Vitis coignetiae

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Crimson glory vine
Vitis Coignetiae DSCN3786.TIF
Vitis coignetiae leaves
Scientific classification edit
Kingdom: Plantae
Clade: Tracheophytes
Clade: Angiosperms
Clade: Eudicots
Clade: Rosids
Order: Vitales
Family: Vitaceae
Genus: Vitis
V. coignetiae
Binomial name
Vitis coignetiae
  • V. coignetiae var. coignetiae
  • V. coignetiae var. glabrescens Nakai[1][2]

V. amurensis var. glabrescens (Nakai) Nakai [possibly syn. of V. coignetiae var. glabrescens, not V. coignetiae][1][2]

Vitis coignetiae, called crimson glory vine, is a plant belonging to the genus Vitis that is native to the temperate climes of Asia, where it can be found in the Russian Far East, (Sakhalin); Korea; and Japan (Hokkaido, Honshu, Shikoku). It was described botanically in 1883.[1] It is called meoru (머루) in Korean and yama-budo (ヤマブドウ) in Japanese.


The species name is dedicated to Mr. and Mrs. Coignet who reportedly brought seeds back from their trip to Japan in 1875.[citation needed]

This vine was also reported in 1884 snowy regions of Japan by Henri Degron sent to East Asia to seek wild vines resistant to Phylloxera. Degron sent specimens to a Professor Planchon of Montpellier who named them Vitis coignetiae but did not retain them due to their low resistance to phylloxera. Degron planted a vineyard in Crespières, Île-de-France where one of the vines reached a length of 32.8 meters and a height of 2.8 meter. In the cooler Norman climate the vine produces a bitter wine, rich in color and extract.[citation needed]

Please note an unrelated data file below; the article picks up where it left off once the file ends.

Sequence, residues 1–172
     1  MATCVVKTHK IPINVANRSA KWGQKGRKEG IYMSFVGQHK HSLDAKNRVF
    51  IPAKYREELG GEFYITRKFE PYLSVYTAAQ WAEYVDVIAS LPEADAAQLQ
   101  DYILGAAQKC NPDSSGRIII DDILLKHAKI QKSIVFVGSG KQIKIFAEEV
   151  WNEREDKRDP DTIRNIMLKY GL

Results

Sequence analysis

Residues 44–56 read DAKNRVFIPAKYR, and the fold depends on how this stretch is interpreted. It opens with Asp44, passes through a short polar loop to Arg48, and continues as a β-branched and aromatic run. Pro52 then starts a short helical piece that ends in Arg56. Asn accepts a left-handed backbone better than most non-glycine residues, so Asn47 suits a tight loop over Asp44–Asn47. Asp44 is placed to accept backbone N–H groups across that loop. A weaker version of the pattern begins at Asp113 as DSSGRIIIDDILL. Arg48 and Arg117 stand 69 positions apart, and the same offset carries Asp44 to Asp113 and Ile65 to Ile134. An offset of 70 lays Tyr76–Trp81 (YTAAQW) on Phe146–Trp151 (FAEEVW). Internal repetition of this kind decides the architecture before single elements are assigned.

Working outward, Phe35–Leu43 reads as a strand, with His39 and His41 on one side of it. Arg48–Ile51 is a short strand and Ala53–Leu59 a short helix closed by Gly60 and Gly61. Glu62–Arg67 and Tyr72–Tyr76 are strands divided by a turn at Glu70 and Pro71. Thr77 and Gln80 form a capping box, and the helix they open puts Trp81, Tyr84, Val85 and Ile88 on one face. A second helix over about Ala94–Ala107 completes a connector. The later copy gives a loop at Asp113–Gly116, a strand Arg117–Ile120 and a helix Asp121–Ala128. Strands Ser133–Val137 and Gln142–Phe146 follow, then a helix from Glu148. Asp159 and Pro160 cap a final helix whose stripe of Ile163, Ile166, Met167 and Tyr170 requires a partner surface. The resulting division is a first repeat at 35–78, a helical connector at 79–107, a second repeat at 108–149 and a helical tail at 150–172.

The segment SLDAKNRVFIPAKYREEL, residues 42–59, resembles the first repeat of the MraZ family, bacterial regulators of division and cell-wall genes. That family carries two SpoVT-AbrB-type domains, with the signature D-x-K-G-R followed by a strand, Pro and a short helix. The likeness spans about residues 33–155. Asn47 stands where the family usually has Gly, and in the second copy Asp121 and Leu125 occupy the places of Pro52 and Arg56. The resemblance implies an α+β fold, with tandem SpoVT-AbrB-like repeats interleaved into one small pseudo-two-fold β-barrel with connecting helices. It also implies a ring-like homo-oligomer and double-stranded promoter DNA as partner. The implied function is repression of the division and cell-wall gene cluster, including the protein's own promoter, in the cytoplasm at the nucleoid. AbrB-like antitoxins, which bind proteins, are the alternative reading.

The vine is very vigorous, with purple shoots. The deciduous leaves are large (15 to 30 cm in diameter), simple, orbicular, toothed, with deep petiole. First green, they turn red-orange in autumn.[citation needed]

Wild vines can be male, female or hermaphrodite. Clusters are large with small berries and large purple seeds. It is found in the mountainous regions of Japan and up to 1300 m altitude in Korea.[citation needed]


Crimson gloryvine fruits, sold in Mungyeong, Korea

In East Asia it is grown as an ornamental plant for its crimson autumn foliage; and as an Oriental medicinal plant.[citation needed]

It is a recipient of the Royal Horticultural Society's Award of Garden Merit.[3]

It is used to produce wines in Korea and Japan. These are at first bitter, but softened with the addition of sugar.[citation needed]


The plant contains the stilbenoids ε-viniferin[citation needed] and rhapontigenin.[4]



  1. ^ a b c d "Vitis coignetiae". Germplasm Resources Information Network (GRIN). Agricultural Research Service (ARS), United States Department of Agriculture (USDA). Retrieved October 20, 2009.
  2. ^ a b "Vitis coignetiae var. glabrescens". Germplasm Resources Information Network (GRIN). Agricultural Research Service (ARS), United States Department of Agriculture (USDA). Retrieved October 20, 2009.
  3. ^ RHS Plants. Available at: [accessed 15/02/21]
  4. ^ Jung, D. B.; Lee, H. J.; Jeong, S. J.; Lee, H. J.; Lee, E. O.; Kim, Y. C.; Ahn, K. S.; Chen, C. Y.; Kim, S. H. (2011). "Rhapontigenin inhibited hypoxia inducible factor 1 alpha accumulation and angiogenesis in hypoxic PC-3 prostate cancer cells". Biological & Pharmaceutical Bulletin. 34 (6): 850–855. doi:10.1248/bpb.34.850. PMID 21628883.

See also[edit]